Employers want to trust their workers. But building trust takes time; it’s not something you can achieve during the interview process. Employee integrity tests aim to solve that problem, but with many people questioning their accuracy and morality, do they provide a real solution?

Let’s dive in deeper to learn more about integrity testing and the controversy surrounding it.

What Is Employee Integrity Testing?

Employee integrity testing is a form of pre-employment screening that companies use to determine how honest a person is.

It isn't the same as a criminal history or credit check. Rather than looking at past behavior, it looks at a person's attitude and outlook and how they might behave in the future.

Most integrity tests ask candidates to answer yes or no to a series of questions, such as:

  • Do you ever lie to your spouse?
  • Have you ever called in sick when you weren’t?
  • Do other people consider you to be trustworthy?
  • Do you consider taking small items from work stealing?
  • Would you turn in a co-worker you caught stealing from work?
  • Have you ever argued with your manager over a task?

According to research conducted by Princeton University, between 5,000 and 6,000 business establishments in the United States use honesty and integrity tests when selecting job applicants.

Businesses typically use these tests when hiring for entry-level or non-managerial positions, such as retail work. The goal is to screen out people likely to engage in dishonest or counterproductive behavior, like theft, tardiness, sick leave misuse and absenteeism.

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How Did Integrity Testing Come About?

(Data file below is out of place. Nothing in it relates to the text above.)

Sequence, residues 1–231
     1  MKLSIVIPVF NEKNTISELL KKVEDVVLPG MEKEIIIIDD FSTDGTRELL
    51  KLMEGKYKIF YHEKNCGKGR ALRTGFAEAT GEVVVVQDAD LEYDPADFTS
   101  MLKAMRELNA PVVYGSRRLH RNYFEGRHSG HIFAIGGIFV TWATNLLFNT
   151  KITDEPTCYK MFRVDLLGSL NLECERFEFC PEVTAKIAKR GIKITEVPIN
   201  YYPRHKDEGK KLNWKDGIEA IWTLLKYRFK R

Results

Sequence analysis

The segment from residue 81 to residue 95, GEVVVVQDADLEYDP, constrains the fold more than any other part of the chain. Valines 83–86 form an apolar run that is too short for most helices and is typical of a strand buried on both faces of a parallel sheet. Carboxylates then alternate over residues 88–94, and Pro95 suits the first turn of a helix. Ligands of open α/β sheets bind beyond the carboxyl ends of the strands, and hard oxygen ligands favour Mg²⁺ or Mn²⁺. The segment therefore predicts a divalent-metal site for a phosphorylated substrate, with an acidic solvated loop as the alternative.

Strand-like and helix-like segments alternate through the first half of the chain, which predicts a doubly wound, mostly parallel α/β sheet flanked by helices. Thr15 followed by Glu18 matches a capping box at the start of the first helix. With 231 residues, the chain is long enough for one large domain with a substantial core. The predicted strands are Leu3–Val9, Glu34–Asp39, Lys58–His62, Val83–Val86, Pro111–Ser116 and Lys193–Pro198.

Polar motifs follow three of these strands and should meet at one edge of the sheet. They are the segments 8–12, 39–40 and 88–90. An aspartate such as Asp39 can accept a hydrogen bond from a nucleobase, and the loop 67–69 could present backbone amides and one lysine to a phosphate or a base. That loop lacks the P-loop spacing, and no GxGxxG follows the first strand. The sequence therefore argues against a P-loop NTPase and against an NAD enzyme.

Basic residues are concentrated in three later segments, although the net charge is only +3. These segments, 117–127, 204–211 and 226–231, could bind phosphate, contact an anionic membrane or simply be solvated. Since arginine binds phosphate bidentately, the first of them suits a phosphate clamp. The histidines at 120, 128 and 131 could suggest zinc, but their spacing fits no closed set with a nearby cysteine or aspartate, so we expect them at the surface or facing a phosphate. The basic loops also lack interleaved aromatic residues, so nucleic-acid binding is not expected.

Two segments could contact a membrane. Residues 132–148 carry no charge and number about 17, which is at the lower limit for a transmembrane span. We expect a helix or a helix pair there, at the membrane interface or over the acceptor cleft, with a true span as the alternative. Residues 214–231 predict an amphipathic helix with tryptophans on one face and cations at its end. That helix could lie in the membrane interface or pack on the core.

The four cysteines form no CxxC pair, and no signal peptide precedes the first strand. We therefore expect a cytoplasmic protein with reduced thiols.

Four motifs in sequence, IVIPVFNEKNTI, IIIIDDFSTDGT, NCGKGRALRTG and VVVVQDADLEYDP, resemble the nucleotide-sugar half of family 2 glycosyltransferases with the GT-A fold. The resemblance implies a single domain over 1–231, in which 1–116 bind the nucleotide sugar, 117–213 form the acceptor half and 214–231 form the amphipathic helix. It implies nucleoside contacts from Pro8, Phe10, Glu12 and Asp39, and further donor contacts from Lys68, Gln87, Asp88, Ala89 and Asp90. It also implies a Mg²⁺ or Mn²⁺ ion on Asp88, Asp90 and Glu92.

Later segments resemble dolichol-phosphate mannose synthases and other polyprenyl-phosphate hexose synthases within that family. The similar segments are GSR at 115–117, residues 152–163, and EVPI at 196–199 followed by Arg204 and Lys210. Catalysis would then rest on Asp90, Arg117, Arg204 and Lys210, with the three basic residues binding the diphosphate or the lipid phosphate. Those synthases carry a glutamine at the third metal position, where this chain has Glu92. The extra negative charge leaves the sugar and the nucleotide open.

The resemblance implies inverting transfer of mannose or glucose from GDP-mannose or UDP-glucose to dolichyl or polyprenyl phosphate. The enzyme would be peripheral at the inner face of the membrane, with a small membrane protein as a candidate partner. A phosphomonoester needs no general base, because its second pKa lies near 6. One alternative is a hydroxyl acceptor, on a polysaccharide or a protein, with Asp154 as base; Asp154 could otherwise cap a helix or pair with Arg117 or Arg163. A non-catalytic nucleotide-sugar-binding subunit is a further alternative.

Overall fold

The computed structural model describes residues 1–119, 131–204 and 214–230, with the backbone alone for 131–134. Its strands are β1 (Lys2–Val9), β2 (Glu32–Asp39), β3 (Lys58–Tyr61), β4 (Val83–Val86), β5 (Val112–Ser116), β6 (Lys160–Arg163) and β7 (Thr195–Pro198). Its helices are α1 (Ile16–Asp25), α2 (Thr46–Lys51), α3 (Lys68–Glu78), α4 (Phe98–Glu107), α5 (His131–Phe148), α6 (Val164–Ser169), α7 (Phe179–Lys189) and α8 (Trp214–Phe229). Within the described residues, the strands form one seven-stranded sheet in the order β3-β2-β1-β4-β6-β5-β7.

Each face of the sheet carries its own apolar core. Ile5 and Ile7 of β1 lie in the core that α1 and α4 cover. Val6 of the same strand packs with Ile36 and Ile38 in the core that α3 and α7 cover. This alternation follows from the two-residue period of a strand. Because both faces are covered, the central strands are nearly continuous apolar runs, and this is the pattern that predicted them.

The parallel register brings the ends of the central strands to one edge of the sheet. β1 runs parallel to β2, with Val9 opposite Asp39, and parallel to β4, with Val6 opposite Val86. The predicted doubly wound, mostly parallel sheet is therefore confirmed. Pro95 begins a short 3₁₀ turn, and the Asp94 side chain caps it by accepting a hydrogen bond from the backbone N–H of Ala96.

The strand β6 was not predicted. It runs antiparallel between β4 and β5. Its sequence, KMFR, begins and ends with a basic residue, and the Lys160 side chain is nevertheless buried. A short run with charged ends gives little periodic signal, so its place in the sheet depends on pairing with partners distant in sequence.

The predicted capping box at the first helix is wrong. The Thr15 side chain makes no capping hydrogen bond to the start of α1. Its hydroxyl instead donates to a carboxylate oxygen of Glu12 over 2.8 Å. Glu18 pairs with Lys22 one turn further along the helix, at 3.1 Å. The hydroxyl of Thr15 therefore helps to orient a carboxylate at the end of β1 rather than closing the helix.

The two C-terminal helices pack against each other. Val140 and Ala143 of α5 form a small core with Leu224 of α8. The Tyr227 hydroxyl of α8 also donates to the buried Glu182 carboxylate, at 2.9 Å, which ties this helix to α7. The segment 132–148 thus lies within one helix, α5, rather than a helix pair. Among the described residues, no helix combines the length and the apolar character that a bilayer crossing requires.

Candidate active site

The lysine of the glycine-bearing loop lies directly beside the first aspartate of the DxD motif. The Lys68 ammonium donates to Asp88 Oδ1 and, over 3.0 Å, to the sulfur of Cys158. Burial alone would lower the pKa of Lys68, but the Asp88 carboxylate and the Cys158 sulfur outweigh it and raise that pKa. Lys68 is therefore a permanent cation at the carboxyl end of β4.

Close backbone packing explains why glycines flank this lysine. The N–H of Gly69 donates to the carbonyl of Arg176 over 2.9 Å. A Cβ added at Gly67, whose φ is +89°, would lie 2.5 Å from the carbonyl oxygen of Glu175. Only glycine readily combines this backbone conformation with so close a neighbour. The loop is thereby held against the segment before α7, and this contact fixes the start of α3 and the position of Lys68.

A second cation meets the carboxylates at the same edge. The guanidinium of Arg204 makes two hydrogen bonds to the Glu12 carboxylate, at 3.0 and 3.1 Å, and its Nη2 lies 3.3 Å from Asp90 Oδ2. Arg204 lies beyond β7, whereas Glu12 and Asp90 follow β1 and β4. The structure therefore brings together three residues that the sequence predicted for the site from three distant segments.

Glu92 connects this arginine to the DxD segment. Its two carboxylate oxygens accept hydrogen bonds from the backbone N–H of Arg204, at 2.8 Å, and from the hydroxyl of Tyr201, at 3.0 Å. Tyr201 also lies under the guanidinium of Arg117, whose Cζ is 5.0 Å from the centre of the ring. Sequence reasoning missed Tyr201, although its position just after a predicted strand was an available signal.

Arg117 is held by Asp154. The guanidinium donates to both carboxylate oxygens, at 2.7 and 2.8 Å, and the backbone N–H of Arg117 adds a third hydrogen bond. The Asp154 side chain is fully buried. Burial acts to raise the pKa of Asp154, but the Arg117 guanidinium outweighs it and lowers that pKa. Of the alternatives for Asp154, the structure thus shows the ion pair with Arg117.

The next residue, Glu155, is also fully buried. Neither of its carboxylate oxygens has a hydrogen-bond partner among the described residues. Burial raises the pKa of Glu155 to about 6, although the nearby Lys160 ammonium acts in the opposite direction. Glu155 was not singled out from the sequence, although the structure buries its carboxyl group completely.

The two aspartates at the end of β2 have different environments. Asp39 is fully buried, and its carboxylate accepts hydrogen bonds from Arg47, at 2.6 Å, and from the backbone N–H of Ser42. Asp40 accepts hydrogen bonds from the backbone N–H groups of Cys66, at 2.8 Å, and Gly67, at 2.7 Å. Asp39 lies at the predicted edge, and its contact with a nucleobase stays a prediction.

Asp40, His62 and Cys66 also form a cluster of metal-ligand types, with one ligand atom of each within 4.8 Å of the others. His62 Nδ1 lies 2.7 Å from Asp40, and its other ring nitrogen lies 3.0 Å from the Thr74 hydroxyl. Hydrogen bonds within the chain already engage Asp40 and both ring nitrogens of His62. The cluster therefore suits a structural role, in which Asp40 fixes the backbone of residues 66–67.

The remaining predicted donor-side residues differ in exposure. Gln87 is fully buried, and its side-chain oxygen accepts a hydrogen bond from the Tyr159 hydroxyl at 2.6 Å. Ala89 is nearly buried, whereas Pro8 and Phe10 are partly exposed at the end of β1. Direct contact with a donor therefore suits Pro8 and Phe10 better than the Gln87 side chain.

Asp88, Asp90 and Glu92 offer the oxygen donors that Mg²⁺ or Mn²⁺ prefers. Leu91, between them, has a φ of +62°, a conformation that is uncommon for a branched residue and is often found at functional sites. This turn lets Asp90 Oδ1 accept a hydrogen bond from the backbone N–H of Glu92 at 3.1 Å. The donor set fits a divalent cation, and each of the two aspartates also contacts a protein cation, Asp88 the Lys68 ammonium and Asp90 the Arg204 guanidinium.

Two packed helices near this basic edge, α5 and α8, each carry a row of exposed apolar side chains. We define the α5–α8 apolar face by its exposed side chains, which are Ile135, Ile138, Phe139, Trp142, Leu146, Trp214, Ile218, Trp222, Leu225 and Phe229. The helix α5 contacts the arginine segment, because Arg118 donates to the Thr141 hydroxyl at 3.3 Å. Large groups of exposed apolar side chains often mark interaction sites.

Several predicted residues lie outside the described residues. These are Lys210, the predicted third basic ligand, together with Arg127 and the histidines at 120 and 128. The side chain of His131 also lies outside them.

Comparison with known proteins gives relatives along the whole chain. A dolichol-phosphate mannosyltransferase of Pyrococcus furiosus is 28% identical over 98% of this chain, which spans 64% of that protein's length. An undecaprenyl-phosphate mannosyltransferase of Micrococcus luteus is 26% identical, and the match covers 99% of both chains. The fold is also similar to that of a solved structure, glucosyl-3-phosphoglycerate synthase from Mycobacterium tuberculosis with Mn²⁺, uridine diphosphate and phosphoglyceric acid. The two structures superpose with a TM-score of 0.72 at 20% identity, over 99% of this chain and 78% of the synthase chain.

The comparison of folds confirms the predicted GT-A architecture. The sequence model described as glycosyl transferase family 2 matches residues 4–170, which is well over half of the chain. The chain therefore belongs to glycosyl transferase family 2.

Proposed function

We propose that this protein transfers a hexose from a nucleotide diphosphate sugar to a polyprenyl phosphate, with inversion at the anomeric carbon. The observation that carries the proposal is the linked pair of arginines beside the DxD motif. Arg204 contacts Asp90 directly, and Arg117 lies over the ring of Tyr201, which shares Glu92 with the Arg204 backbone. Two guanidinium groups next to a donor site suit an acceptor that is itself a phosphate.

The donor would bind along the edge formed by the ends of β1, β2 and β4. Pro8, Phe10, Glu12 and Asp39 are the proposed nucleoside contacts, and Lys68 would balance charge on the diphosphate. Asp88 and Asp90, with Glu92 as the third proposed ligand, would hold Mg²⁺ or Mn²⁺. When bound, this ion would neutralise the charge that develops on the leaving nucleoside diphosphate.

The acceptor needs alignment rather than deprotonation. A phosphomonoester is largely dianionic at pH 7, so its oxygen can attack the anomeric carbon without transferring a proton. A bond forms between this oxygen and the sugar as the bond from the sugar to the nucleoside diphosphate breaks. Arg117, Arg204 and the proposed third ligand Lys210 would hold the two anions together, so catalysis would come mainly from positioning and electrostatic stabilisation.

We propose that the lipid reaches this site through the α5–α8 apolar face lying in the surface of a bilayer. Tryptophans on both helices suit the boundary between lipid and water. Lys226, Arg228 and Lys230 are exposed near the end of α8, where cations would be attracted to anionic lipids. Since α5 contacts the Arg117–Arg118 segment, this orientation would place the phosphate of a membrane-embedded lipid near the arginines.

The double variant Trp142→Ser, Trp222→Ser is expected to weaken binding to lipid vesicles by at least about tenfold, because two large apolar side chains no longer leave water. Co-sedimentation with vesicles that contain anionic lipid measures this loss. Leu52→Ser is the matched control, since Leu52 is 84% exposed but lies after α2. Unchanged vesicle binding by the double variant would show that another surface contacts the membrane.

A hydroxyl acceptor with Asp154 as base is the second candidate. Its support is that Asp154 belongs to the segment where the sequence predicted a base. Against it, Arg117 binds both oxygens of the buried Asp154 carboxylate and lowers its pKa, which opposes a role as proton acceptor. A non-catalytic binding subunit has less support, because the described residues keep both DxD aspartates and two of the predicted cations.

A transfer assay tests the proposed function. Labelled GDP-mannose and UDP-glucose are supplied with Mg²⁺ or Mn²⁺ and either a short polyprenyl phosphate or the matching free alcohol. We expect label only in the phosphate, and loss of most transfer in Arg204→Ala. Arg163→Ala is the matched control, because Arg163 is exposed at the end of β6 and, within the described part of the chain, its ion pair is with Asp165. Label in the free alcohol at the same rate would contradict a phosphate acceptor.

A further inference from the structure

The idea of hiring employees who uphold certain values is nothing new. Henry Ford is well-known for having paid his employees $5 a day (far above the average for the time), partly as a bonus for those who upheld what he defined as American values.

Below is Ford's first "factory" in Detroit, where he worked on his first gas car before he founded the Ford Motor Company and hired employees. 

Henry Ford's first factory in Detroit
Wikimedia Commons

Ford introduced the higher pay rate to reduce turnover among his staff. As Forbes writer Tim Worstall explained, "In 1913, Ford hired 52,000 men to keep a workforce of only 14,000. New workers required a costly break-in period, making matters worse for the company. Also, some men simply walked away from the line to quit and look for a job elsewhere."

Ford knew that he was more likely to retain workers by paying more than other companies. So, he offered a base rate of around $2.50 per day, with a bonus attached for employees who behaved in desirable ways, such as avoiding drinking, gambling and learning English.

Women could receive the bonus if they were single and supporting the family. Married men were eligible for the bonus only if their wives were not working outside the home.

Today’s values have changed quite a bit, and most employers aren’t focused on evaluating ongoing behavior choices like Ford. Still, they want to see if a candidate’s ethics align with the company’s. And so, modern integrity testing was born.

Is Employee Integrity Testing Legal?

Historically, some questions have been raised about the legality of integrity tests. In particular, tests that ask potentially discriminatory questions about a person's religion or sexuality have been challenged in court.

Massachusetts is the only state to ban any written test designed to determine an applicant’s integrity. Most employers can get away with such screening practices in other states as long as they don’t include discriminatory questions (those that focus on race, religion, gender, etc.)

Integrity tests became popular after the US banned polygraph testing in 1988. While integrity tests remain popular today, especially for selecting entry-level employees, the increased awareness of potentially discriminatory practices (and algorithms) has some employers asking questions.

Are Employee Integrity Tests Effective?

When used alongside other hiring methods, researchers from the University of Minnesota found employee integrity tests to be helpful in identifying and reducing negative behaviors.

But there’s one problem. Most people know what the “correct” answers are, making it easy for dishonest people to choose the answer they think the employer wants. Consider one example question from above: Do you ever lie to your spouse? The correct answer is very obviously “no.”